The first-order neuron originates from the hypothalamus and travels from the brain stem through the ciliospinal center of Budge–Waller, located at the spinal cord levels C8–T2.6 Central causes of Horner syndrome are commonly accompanied by neurologic signs and symptoms. Ataxia, sensory loss, vertigo, vestibular nystagmus, and dysphagia are usually present in patients with Horner syndrome caused by a brain stem lesion. Brain stem infarcts are the most common cause of central Horner syndrome.7 Our patient had no associated brain stem neurologic signs or symptoms, except ipsilateral loss of facial sensation in the cranial nerve V1–3 territories. Therefore, a central lesion was considered unlikely.
After the preganglionic neuron exits the ciliospinal center of Budge–Waller, it travels down through the pulmonary apex and turns upward within the carotid sheath to superior cervical ganglion. Horner syndrome accompanied by ipsilateral shoulder pain should raise the suspicion for neoplastic involvement of the pulmonary apex, pleura, and brachial plexus. Various neck and cardiothoracic surgical procedures that can reportedly cause preganglionic Horner syndrome include coronary artery bypass surgery, carotid endarterectomy, intracostal chest tube insertion, and internal jugular catheterization.2 Our patient had neither a history of prior surgical procedures nor clinical manifestations of thoracic abnormalities, including chest pain or hemoptysis. Moreover, anhidrosis was reported only in the medial part of his forehead; other areas of his face were normal. Preganglionic Horner syndrome was, therefore, unlikely in this patient.
The postganglionic third-order neuron starts from the superior cervical ganglion as a sympathetic plexus traveling along the ICA. The fibers responsible for sweating of the face (sudomotor fibers) exit the superior cervical ganglion with the external carotid artery. The remaining sympathetic plexus joins the ICA and enters the skull base through the carotid canal and foramen lacerum and then travels up into the cavernous sinus. At the posterior part of the cavernous sinus, the sympathetic fibers briefly travel with the abducens nerve before joining the ophthalmic division of the trigeminal nerve and entering the orbit. A lesion at the posterior part of the cavernous sinus can produce postganglionic Horner syndrome with abducens paresis,8 the so-called Parkinson sign. Most of the sympathetic fibers continue from the nasociliary nerve to the long ciliary nerve and innervate various ocular and orbital structures. Anhidrosis in patients with postganglionic Horner syndrome is usually absent or may be found in the medial part of the forehead because innervation of this area by sudomotor fibers is derived from the postganglionic neuron, in contrast to anhidrosis of the entire ipsilateral face in patients with central or preganglionic Horner syndrome. Differential diagnoses of painful postganglionic Horner syndrome always include life-threatening carotid artery dissection, cluster headache, a cavernous sinus lesion, and Raeder paratrigeminal neuralgia.2,6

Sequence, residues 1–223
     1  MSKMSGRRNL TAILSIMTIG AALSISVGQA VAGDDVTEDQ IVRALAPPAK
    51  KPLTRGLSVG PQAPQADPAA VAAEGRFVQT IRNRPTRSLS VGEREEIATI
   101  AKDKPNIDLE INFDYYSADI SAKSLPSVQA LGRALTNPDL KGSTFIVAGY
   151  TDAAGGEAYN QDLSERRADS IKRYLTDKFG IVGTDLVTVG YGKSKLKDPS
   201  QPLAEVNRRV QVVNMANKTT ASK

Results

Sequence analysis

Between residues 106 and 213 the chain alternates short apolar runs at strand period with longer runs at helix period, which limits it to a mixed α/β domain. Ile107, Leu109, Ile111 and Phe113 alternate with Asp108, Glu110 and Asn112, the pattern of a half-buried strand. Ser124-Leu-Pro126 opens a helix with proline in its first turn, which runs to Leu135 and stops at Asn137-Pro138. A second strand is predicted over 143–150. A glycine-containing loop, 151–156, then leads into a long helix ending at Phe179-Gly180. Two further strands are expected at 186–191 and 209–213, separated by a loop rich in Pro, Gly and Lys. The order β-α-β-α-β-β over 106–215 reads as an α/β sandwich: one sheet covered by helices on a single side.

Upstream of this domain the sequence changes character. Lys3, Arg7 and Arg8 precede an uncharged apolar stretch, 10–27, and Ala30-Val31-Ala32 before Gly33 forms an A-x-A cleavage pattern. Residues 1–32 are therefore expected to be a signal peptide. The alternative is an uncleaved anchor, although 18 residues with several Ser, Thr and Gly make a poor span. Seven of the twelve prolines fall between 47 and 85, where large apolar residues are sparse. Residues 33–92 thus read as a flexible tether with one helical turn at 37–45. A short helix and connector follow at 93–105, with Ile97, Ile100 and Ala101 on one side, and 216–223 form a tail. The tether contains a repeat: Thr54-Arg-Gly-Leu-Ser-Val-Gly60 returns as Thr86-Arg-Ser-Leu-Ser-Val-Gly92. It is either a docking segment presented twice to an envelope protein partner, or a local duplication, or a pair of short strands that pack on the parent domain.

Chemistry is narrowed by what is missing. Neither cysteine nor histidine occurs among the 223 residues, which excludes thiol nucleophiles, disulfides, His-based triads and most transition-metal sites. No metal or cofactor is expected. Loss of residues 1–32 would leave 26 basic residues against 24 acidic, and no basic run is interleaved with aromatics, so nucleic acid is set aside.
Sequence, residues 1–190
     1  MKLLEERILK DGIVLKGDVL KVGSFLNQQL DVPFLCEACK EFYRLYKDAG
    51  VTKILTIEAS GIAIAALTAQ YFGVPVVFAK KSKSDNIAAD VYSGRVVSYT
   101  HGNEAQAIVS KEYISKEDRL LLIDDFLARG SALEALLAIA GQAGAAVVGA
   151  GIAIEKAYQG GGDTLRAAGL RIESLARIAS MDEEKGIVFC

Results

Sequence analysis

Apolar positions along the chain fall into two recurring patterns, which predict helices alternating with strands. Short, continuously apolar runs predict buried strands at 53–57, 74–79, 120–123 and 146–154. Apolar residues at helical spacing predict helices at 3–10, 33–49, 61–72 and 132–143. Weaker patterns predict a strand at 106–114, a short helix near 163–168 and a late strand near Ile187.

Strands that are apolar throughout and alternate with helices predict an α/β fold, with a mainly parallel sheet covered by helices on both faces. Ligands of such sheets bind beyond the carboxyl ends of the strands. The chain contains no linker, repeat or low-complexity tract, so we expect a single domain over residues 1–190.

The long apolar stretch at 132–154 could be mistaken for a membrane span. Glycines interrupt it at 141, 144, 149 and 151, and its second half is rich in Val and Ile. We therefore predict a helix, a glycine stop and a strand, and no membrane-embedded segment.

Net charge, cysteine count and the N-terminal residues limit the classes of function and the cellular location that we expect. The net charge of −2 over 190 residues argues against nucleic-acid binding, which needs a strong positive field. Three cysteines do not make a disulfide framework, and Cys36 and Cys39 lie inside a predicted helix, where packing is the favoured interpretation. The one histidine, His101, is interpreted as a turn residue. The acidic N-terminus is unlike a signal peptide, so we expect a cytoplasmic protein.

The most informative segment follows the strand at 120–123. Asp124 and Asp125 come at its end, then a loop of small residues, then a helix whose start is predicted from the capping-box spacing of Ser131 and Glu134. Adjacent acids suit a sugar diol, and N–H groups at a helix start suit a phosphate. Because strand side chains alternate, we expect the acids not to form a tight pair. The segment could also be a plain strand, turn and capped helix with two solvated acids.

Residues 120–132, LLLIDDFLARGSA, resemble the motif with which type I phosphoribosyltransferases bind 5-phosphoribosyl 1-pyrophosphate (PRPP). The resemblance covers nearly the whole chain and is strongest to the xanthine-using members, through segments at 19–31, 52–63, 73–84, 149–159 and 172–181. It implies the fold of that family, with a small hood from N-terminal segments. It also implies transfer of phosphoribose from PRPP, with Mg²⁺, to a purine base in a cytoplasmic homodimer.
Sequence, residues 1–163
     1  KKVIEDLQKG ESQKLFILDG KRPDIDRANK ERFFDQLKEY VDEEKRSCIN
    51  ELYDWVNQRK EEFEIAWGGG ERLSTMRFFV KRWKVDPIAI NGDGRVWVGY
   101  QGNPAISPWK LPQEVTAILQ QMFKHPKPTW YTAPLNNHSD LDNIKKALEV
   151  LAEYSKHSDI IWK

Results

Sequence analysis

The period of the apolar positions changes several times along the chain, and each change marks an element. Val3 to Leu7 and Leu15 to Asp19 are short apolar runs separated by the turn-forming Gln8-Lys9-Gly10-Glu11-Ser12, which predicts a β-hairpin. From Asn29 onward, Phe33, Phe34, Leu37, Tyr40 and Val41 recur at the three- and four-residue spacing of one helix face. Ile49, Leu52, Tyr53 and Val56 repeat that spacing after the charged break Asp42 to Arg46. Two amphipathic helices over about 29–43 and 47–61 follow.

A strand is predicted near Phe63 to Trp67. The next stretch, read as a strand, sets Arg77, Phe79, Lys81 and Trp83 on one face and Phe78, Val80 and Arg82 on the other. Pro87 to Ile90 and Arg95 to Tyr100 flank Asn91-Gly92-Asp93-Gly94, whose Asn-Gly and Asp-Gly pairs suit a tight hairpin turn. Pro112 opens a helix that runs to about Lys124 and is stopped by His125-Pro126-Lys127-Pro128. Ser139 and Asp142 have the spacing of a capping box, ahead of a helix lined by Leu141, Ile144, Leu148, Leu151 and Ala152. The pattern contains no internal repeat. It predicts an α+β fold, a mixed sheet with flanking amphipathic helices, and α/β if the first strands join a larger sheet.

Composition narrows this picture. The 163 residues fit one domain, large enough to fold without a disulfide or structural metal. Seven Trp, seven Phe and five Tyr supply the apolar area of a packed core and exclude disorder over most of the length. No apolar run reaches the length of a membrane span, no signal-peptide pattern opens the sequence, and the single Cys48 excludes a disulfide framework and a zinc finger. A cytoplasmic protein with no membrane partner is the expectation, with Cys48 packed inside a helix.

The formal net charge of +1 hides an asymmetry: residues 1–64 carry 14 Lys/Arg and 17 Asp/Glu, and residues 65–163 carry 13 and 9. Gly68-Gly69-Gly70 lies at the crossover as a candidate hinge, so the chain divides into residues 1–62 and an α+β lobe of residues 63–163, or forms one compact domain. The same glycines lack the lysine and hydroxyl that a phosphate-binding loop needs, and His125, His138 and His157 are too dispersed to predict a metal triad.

Our patient initially presented with painless, left-sided, isolated Horner syndrome, comprising miosis with anisocoria that was greater in the dark (Figure 2A and B), mild ipsilateral ptosis (Figure 1), and anhidrosis in the medial part of the ipsilateral forehead. The patient’s blepharoptosis was subtle and could be explained by paralysis of Müller’s muscle, which is responsible for only 2 mm of eyelid elevation.2,7 The diagnosis of Horner syndrome (oculosympathetic denervation) is usually based on clinical characteristics. Nonetheless, the cocaine test is still a reliable gold standard test with which to confirm the diagnosis. The 10% cocaine test confirmed the diagnosis of left-sided Horner syndrome in our patient (Figure 2C).